If you've tinkered with bikes in the last decade or so, chances are that sheldonbrown.com has proven incredibly useful to you—it's practically the Bible of bicycle mechanics, repair, maintenance and appreciation on the Web. I was saddened to read today that its keeper and one of the online cycling world's most charismatic presences passed away on Sunday of a heart attack.
About five years ago, I rescued an old road bike from the dumpster and decided to strip it down and fix it back up, for fun. It only took a few days before sheldonbrown.com became my full-time assistant on the project—helping me identify what kinds of components I had on my junker, what I needed for replacements, how someone with practically zero mechanical proficiency should go about attacking a bike project, and also cluing me into the idea that a fixed-gear overhaul would probably serve me and my ride very well. Five years later I'm still riding this same machine and loving it.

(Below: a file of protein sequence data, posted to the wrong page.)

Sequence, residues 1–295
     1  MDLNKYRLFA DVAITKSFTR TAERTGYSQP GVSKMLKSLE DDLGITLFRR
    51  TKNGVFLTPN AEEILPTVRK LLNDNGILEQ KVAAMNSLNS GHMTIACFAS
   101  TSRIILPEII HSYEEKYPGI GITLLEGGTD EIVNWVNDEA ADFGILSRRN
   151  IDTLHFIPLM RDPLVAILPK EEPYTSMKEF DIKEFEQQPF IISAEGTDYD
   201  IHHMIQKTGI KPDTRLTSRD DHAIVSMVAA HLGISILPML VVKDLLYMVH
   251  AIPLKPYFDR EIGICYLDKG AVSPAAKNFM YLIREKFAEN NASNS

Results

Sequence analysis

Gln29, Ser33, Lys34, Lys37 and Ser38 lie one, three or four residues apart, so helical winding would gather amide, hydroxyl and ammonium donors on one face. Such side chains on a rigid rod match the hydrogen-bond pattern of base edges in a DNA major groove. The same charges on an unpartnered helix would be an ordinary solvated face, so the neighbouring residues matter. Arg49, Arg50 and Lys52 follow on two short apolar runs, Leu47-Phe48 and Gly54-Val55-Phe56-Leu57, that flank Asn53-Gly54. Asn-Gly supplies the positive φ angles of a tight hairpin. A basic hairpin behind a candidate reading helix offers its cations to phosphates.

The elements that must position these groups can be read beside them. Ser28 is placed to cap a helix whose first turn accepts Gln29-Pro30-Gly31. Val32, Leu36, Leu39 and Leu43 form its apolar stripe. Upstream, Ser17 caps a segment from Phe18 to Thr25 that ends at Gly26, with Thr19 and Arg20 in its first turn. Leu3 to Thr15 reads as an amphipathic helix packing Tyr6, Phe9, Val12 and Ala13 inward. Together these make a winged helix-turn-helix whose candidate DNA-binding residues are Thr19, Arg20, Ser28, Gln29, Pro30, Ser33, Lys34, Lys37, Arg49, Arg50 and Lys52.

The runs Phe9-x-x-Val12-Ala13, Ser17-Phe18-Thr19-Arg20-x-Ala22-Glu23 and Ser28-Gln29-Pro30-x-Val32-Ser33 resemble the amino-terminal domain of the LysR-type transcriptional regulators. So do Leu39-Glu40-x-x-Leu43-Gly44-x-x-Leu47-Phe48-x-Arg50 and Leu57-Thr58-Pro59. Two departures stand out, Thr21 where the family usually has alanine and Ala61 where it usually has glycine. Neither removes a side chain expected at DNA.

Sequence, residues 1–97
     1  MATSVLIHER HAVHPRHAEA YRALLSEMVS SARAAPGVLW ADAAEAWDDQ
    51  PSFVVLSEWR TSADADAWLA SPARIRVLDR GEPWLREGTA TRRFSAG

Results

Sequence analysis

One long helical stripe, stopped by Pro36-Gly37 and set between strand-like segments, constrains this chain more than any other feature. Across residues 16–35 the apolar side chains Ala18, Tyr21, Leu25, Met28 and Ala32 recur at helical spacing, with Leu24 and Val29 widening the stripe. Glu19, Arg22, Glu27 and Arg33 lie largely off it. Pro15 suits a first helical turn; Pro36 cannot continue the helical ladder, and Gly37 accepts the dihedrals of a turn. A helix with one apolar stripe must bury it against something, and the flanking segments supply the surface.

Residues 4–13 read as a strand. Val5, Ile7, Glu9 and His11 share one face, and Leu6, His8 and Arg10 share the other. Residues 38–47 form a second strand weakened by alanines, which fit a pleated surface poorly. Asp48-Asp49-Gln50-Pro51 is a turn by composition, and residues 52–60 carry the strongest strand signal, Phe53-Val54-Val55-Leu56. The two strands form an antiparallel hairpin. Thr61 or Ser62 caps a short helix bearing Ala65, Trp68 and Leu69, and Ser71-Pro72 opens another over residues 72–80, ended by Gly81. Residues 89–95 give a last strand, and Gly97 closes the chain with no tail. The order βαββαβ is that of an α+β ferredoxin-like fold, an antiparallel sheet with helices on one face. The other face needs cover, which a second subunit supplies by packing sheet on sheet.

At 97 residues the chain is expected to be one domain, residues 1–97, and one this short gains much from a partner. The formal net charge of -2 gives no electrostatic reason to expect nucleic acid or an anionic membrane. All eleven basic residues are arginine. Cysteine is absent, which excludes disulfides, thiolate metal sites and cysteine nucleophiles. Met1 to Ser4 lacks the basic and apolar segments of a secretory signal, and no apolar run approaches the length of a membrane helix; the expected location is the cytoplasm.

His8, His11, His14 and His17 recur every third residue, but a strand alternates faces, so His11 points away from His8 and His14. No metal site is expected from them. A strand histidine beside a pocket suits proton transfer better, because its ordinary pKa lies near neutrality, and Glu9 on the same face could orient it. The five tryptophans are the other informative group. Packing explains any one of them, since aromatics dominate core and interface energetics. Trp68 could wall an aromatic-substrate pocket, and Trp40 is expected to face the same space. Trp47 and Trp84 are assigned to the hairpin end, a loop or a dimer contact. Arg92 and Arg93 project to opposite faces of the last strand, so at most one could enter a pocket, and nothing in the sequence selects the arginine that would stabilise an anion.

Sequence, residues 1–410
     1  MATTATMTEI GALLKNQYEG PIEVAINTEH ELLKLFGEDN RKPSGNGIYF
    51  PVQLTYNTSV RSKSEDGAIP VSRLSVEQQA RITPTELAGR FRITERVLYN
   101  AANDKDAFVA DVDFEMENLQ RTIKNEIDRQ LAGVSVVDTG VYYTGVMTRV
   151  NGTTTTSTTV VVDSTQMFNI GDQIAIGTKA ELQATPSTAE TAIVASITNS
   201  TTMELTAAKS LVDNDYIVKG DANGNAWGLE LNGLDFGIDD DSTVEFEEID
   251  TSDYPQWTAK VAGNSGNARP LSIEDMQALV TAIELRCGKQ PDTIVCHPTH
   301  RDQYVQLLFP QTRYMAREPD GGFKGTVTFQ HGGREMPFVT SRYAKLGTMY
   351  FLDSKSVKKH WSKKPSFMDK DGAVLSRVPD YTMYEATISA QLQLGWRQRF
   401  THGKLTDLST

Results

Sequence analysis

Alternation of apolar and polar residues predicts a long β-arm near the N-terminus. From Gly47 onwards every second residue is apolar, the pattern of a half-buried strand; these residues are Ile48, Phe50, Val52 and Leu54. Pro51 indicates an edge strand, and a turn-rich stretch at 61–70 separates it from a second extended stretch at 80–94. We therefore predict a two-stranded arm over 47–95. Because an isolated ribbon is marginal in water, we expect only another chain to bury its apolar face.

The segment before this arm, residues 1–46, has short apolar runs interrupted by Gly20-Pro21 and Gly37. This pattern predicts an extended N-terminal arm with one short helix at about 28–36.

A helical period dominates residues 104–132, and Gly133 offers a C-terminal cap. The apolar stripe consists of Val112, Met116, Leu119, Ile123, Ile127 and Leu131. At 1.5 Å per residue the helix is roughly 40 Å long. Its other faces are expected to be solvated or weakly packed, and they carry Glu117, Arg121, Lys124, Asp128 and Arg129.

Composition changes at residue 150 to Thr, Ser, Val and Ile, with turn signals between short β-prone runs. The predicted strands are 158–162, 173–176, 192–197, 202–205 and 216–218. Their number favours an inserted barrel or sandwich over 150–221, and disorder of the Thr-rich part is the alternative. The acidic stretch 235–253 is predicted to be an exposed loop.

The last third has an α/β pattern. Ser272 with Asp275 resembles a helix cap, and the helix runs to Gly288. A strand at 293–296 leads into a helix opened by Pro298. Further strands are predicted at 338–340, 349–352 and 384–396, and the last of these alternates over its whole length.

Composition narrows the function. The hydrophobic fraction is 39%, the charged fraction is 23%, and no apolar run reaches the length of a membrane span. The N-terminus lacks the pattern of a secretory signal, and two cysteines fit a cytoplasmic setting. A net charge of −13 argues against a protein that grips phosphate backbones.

The bike shop Brown worked for, Harris Cyclery near Boston, will surely do everything they can to maintain Sheldon's fantastic site. It would be great if someone would turn it into the definitive bike wiki—with cycling's endless obscure standards and mechanical variations, a community-maintained database of info would be amazingly useful.
Best wishes to Brown's family and friends from everyone here at PopSci.
Five amazing, clean technologies that will set us free, in this month's energy-focused issue. Also: how to build a better bomb detector, the robotic toys that are raising your children, a human catapult, the world's smallest arcade, and much more.